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Considering the limit

$$\lim\limits_{x \to 3} \frac{2x}{x-3}$$

The left and right approach to this will end up with some thing like :

$$\lim\limits_{x \to 3^+} \frac{2x}{x-3} = \infty$$

$$\lim\limits_{x \to 3^-} \frac{2x}{x-3} = -\infty$$

The book that I'm use says that this just anther way to represent limit still not exist but because the arbitrary increasing and decreasing in the function values as we tend to 3 we use ∞ to represent this case.

Can I conclude The Following

$$\lim\limits_{x \to 3} \frac{2x}{x-3} = \lim\limits_{x \to 3^+} \frac{2x}{x-3} = \lim\limits_{x \to 3^-} \frac{2x}{x-3} = \text{D.N.E}$$

based on all limits actually are not exist

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  • $\begingroup$ The LHS and RHS limits are clearly not equal ($-\infty$ and $+\infty$). $\endgroup$ – KM101 Jan 6 '19 at 19:52
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There are some areas (such as computability theory) where it is a useful convention to say that $$ \mathit{expr}_1 = \mathit{expr}_2 $$ means, "either both expressions are defined with the same value or neither of the expressions are defined".

But basic real analysis is not one of those areas. (And even in the areas where the convention is used, it is good form to explicitly say that you're using it before jumping right into equations).

The usual convention for $=$ is more or less that at best $\mathit{expr}_1 = \mathit{expr}_2$ is false when one or both of the expressions is undefined. At worst the expression is considered to be nonsense if we write something that depends on its truth value in a context where we're not sure both are defined.


Muddying the waters a bit further we have the notation $\lim_{x\to a}f(x)=+\infty$. The most common way to define this notation is that the entire combination of ink shapes "$\lim\cdots=+\infty$" is a single symbol and the result is not actually an equation where "$=$" has its usual meaning. The whole thing is just a conventional way to claim $f(x)$ fails in a particular way to have a finite limit.

However, it is also possible to declare that you're working in the extended real line, in which case $+\infty$ and $-\infty$ are honest points in your topological space that are fully capable of being values of a limit expression.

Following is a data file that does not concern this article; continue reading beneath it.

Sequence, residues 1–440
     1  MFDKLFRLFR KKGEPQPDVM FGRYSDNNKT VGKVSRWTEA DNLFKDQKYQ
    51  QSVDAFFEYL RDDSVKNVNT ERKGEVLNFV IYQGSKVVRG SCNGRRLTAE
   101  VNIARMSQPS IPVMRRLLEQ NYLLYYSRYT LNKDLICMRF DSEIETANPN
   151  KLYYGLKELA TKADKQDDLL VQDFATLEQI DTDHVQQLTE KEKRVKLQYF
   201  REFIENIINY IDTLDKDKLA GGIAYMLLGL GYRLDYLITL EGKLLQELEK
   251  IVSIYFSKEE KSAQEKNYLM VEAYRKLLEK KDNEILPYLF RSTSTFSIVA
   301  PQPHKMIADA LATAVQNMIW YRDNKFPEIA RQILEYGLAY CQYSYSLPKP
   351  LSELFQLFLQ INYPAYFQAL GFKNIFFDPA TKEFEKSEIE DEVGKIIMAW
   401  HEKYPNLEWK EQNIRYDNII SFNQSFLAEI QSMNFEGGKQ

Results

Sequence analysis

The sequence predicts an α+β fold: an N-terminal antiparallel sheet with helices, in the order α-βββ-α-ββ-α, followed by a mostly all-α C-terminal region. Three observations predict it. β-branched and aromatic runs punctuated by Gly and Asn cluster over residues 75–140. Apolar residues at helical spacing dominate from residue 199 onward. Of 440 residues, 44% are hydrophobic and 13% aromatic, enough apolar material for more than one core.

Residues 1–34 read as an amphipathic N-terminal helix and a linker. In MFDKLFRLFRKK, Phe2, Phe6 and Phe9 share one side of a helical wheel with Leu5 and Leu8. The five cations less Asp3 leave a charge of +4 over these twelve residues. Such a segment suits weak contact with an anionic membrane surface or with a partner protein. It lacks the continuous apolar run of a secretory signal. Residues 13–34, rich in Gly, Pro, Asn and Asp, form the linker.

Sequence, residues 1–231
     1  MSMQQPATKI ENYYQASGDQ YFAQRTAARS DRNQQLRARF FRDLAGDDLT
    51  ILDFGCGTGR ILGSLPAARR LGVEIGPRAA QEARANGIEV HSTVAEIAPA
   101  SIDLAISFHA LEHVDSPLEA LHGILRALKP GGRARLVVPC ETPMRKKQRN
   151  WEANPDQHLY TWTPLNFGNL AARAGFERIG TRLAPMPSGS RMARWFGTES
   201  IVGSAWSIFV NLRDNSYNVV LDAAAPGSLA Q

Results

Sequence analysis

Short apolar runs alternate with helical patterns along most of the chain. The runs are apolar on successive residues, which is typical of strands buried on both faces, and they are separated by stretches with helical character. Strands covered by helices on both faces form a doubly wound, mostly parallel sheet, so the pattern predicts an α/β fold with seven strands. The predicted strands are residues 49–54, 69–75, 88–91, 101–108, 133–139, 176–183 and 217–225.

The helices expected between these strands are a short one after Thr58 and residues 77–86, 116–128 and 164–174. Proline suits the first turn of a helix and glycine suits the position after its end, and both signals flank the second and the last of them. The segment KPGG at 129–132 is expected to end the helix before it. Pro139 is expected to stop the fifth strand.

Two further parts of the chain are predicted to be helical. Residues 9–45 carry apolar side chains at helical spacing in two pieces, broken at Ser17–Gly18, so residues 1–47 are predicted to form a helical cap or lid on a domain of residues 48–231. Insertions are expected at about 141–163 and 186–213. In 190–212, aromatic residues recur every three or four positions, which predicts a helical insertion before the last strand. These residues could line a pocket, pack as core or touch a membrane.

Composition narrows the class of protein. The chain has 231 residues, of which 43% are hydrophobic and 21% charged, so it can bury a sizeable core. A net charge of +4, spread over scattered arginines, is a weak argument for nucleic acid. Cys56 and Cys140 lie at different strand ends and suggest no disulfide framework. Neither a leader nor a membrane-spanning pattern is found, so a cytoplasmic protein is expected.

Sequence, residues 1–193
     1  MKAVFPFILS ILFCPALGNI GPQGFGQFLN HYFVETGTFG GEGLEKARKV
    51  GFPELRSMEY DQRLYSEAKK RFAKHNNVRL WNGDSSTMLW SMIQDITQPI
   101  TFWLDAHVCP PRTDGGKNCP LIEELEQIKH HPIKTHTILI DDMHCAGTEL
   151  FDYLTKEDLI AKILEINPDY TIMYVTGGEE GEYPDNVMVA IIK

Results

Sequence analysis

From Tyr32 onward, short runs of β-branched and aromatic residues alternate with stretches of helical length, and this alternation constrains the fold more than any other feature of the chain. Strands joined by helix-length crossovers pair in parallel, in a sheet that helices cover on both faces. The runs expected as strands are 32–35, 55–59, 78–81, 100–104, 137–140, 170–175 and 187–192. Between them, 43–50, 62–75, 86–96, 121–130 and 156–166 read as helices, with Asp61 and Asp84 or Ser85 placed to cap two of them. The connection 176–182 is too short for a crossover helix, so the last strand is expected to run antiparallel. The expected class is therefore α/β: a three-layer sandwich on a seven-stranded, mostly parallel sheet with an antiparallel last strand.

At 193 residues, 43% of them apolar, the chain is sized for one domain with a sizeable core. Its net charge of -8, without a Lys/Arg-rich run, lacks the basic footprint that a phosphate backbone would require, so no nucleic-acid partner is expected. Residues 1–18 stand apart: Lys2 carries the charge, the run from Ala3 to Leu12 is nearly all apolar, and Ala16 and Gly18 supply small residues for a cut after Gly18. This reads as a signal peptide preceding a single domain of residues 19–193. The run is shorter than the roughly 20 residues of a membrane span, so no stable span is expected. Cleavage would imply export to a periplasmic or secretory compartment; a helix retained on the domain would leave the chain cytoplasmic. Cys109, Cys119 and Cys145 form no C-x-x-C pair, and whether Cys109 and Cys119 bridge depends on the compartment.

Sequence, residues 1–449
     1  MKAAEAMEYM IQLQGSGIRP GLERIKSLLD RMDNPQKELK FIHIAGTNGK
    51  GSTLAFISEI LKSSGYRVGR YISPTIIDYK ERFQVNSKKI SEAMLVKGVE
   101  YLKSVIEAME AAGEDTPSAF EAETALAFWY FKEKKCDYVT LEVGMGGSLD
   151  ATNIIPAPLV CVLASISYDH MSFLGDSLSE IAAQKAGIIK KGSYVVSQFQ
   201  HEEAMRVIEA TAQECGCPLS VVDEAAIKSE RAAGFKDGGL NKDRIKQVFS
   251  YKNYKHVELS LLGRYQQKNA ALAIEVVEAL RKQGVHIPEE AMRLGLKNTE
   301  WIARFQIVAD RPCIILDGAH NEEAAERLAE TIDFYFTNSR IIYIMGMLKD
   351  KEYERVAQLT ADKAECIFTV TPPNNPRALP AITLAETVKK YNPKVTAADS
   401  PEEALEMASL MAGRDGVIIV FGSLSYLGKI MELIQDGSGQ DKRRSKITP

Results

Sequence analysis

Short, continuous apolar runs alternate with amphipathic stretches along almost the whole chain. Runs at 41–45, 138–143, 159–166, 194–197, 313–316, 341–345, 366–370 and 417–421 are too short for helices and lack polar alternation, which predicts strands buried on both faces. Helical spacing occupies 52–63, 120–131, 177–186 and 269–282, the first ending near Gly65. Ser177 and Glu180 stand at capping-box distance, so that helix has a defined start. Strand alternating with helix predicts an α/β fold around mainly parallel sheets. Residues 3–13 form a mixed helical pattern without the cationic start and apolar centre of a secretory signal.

Depending on which of these conventions you use, the claim, for example $$ \lim_{x\to 2} \frac{1}{(x-2)^2} = \lim_{x\to \pi/2}\tan^2 x $$ could either be considered to be perfectly good (and true), or to be nonsense. Since you don't know which definitions your readers will favor, it is generally good form not to write something like this unless you also point out that you're considering limits in the extended real line.


If you want to consider both limits of the form $\lim f(x)=+\infty$ and of the form $\lim f(x)=\pm\infty$ (where the latter form is satisfied by, for example, $\lim_{x\to 0}1/x = \pm\infty$), then even the extended real line will not save you, because a single function can now have more than one true limit. Then you have to fall back to the "naive" way out, saying that $\lim f(x)=\cdots$ is not actually an equation, but an indivisible claim about the behavior of $f$, and that "$\lim f(x)$" is not to be understood as a (single-valued) expression.

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  • $\begingroup$ To the last section: it might be worth noting that there is always the projective real line if you just want a single $\infty$ which doesn't care which way you went to get there. (Admittedly, I can't think of a single instance in real analysis where this is useful, but it does express a sensible claim of "the function gets really far from $0$ here") $\endgroup$ – Milo Brandt Jan 6 '19 at 21:13
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    $\begingroup$ @MiloBrandt: True enough: you can get either one-infinity limits or two-infinity limits by choosing the superspace appopriately. The point I was trying to make was that you don't get to mix both concepts and still act like there's a "the" limit. $\endgroup$ – hmakholm left over Monica Jan 6 '19 at 21:15
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Definition: a limit of a function in a point exists if right and left limits exist and are equal. Then the equal value is called the limit of the function in that point.

For example if $$\lim_{x\to 0^+}f(x)=1\\\lim_{x\to 0^-}f(x)=-3$$then $$\lim_{x\to 0}f(x)=\text{D.N.E.}$$furthermore if $$\lim_{x\to 3^+}f(x)=\infty\\\lim_{x\to 3^-}f(x)=-\infty$$(which is the case of this problem) we obtain $$\lim_{x\to 3^+}f(x)\ne \lim_{x\to 3^-}f(x)$$and consequently $$\lim_{x\to 3}f(x)=\text{D.N.E.}$$

also take a look at the following graph

https://www.desmos.com/calculator/xatgmwuvsp

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No,you can't write like that.but you should write, $$\lim\limits_{x \to 3^+} \frac{1}{x-3}\ne \lim\limits_{x \to 3^-} \frac{1}{x-3}$$ $$\lim\limits_{x \to 3} \frac{2x}{x-3}=D.N.E $$

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